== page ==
The device possesses other objects and features of advantage, some of which, with the foregoing, will be set forth or be apparent in the following description of typical embodiments of the invention which are illustrated in the accompanying drawings, in which,

Figure 1 is aperspective view showing gauging apparatus embodying the invention as applied to dirigible front wheels of an automobile, the latter being shown fragmentarily and somewhat diagrammatically.

Figures 2 and 3 are enlarged perspective views respectively showing the mutual relations of the parts of the apparatus for different test positions of a wheel.

Figure 4 is a plan view showing the disposal of the diriglble wheels of the automobile in one of two extreme test positions thereof with respect to the apparatus.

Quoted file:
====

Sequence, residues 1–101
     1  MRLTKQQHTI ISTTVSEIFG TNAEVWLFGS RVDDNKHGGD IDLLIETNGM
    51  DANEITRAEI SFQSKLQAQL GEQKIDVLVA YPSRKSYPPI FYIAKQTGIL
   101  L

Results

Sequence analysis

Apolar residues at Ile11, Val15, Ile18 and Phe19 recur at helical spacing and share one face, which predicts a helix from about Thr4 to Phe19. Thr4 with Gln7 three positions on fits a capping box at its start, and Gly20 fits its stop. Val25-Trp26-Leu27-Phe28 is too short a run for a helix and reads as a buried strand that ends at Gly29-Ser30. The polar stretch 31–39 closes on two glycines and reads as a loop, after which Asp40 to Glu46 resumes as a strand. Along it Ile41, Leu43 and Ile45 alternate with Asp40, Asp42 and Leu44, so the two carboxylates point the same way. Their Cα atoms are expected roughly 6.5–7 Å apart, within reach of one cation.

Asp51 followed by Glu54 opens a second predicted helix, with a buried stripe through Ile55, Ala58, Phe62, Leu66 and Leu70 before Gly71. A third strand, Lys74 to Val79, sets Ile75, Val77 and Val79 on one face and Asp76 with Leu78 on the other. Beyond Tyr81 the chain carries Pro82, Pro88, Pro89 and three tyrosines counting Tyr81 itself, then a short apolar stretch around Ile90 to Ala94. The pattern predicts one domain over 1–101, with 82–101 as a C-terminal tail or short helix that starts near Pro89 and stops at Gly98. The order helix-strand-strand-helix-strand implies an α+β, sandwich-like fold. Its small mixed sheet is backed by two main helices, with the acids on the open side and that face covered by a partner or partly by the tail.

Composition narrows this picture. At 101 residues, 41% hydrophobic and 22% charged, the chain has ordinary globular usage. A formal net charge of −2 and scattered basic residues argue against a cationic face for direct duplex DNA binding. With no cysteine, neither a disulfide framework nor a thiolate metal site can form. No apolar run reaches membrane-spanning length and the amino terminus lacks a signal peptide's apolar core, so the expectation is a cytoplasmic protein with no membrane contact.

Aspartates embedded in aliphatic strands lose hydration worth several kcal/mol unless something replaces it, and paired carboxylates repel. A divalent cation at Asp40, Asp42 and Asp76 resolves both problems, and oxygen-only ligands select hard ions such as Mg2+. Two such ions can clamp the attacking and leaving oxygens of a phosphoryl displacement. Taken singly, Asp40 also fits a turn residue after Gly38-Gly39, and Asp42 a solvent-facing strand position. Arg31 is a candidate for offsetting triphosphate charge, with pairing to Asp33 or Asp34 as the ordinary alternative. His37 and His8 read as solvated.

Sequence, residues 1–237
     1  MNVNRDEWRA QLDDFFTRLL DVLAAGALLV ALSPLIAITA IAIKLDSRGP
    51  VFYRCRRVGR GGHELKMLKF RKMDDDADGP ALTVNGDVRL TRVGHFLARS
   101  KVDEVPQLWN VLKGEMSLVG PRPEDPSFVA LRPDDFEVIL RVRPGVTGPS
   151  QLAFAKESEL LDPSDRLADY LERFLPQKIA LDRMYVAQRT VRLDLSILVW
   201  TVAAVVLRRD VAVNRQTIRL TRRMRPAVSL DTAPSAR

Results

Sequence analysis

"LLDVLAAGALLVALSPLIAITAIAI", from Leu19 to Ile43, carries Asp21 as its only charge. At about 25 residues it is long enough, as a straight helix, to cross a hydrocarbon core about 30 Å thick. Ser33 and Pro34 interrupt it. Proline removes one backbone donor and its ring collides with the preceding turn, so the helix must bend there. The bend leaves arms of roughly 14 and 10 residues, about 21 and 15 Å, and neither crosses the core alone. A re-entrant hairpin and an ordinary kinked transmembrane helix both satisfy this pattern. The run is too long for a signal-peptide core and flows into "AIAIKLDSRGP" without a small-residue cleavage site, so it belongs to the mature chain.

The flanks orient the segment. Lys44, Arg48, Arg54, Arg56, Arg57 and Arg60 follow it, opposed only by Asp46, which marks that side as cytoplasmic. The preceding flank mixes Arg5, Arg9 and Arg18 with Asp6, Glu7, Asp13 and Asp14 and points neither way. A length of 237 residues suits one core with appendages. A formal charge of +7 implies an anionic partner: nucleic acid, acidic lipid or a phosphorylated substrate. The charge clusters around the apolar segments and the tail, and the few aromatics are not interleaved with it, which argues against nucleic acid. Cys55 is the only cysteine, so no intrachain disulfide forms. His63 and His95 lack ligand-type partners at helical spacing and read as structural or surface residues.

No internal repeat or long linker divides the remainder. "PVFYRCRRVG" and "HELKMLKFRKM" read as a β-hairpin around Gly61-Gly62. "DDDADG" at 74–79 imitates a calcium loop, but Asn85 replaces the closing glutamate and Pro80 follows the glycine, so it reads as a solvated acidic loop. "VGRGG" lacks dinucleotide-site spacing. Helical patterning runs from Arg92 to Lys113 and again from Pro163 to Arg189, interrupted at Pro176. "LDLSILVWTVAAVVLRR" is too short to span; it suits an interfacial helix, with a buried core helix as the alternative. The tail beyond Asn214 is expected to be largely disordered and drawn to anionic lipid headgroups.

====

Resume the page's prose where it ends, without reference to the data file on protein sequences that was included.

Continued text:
Figure 5 is a fragmentary view similar to that of Figure 4 but showing the dirigible vehicle wheels in the other extreme position thereof.

Figure 6 is an enlarged fragmentary view of certain elements of the apparatus, the view being taken at 66 in Figure 4.

Figure 7 is a section at 7-7 in Figure 6.

Figure 8 is a fragmentary elevation of a pointed element of the apparatus.

Figure 9 is a section at 9--9 in Figure 8.

Figure 10 is a perspective view of a modified form of a portion of the apparatus.

As particularly illustrated in Figures 7 to 9 inclusive, the features of the present invention are incorporated in apparatus for use in gauging the camber, toe-in, caster, and turning radius rela tions of a pair of steering wheels of a vehicle; in

1931. Serial No. 509,174